• Switzerland’s two major banks – UBS and Credit Suisse – both posing as new-style Anglo-Saxon universal banks, have been through terrible times over the past decade. Swiss taxpayers are rightly questioning whether such a small country can take the risk of hosting two of the world’s largest and, some say most reckless investment banks.
  • Central and Eastern European countries like the Czech Republic, Slovakia, Hungary, Poland, among others with banking systems dominated by Western European-owned banks can only wait and hope that everything will come right in the end. They are not even being briefed on what the eurozone countries are planning to get themselves out of the current quagmire.

Whatever the limitations of Europe’s bank regulators and central banks, there can be no doubt that the balance of power has shifted dramatically in European banks – away from bank CEOs and their management teams – and in favour of finance ministries, central banks and other regulators. In Britain, for example, the Treasury is said to distrust and disregard almost everything it hears from Britain’s banks. This is perhaps unsurprising in view of the self-serving lobbying campaign run by the UK banks against the recommendations of the Vickers Commission on the future of banking in Britain. While bank CEOs are better regarded in other European countries, the likelihood must be that many of the current CEOs of big European banks will have departed within a year.

Without doubt, Europe needs a new banking industry – and European leaders would be well-advised to look to the recent report of the UK’s Independent Commission on Banking for guidance on how to plan a better way forward. The so-called Vickers Commission is by now famous for its recommendation, already accepted by the British government, that retail banking should be ring-fenced within a universal banking group – but its unspoken objectives are much more fundamental and include:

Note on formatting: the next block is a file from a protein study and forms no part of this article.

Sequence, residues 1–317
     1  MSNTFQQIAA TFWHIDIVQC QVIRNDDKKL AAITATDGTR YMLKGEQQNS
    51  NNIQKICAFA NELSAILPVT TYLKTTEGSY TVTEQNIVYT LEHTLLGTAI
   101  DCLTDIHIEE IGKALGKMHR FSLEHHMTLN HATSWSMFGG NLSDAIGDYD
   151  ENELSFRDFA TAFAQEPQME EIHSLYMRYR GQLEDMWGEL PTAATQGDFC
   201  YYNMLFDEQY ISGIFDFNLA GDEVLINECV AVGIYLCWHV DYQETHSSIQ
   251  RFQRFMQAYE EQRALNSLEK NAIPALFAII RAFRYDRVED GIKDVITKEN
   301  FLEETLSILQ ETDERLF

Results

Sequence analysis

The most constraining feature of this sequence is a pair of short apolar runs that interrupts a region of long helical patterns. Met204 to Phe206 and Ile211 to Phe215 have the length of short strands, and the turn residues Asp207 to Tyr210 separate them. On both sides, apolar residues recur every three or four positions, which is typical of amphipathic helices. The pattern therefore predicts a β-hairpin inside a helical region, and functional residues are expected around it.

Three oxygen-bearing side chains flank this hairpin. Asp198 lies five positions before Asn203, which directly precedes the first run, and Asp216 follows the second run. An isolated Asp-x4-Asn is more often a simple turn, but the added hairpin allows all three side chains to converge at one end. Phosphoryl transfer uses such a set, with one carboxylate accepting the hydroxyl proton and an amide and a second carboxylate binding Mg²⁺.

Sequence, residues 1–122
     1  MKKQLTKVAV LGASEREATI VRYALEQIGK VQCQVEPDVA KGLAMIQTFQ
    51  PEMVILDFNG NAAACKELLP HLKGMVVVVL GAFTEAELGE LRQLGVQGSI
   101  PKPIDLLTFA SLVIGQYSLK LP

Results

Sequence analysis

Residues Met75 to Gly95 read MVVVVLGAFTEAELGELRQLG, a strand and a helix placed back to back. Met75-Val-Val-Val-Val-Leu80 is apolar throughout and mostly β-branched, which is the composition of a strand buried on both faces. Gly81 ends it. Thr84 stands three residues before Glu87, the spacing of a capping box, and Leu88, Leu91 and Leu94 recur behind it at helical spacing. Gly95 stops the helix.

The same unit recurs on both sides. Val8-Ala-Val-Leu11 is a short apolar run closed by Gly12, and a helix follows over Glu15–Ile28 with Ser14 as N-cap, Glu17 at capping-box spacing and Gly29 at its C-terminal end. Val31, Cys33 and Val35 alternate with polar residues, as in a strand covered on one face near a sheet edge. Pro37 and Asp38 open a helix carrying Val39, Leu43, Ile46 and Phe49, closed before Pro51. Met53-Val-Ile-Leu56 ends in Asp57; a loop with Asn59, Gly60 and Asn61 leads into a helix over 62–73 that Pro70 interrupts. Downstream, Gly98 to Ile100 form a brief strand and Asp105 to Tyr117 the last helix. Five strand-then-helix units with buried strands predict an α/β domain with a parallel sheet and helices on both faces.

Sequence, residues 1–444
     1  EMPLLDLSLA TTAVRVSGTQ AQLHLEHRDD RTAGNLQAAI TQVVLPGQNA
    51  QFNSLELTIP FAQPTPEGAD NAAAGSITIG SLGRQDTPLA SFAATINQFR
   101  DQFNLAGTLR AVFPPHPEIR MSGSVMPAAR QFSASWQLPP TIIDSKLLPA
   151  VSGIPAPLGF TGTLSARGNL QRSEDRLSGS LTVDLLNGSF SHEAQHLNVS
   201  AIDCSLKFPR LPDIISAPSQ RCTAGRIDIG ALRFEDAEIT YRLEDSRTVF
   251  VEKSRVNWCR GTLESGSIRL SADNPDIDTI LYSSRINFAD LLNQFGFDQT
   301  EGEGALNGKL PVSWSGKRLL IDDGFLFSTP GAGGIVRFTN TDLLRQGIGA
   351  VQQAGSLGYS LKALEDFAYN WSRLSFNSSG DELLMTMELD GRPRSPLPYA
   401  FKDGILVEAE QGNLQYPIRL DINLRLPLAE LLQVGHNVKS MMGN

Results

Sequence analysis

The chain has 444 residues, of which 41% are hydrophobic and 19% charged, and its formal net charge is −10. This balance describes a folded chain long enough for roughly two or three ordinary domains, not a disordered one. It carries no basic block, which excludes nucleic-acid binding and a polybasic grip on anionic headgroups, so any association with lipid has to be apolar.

1. De-leveraging and unwinding the financial conglomerates that are currently Britain’s major banks.
  2. Making it impossible ever again in the UK for investment banks to be built on the back of retail banks.
  3. Forcing the investment banking subsidiaries of universal banks to fund themselves independently and without reliance on the retail bank.
  4. The creation of standalone retail-style banks out of today’s universal banks
The world that Vickers wants to create will take more than a decade to emerge but it will happen and may well resemble – at least in part – the banking industry that existed 30 years ago. More and more countries are beginning to think like Vickers – and even the French will join the bandwagon once they experience the fallout of so-called Anglo-Saxon universal banking. Sadly for French taxpayers, they will not have to wait too long.

Michael Lafferty is chairman of Lafferty Group and co-chairman of Official Monetary and Financial Institutions Forum (OMFIF). This commentary originally appeared on Lafferty.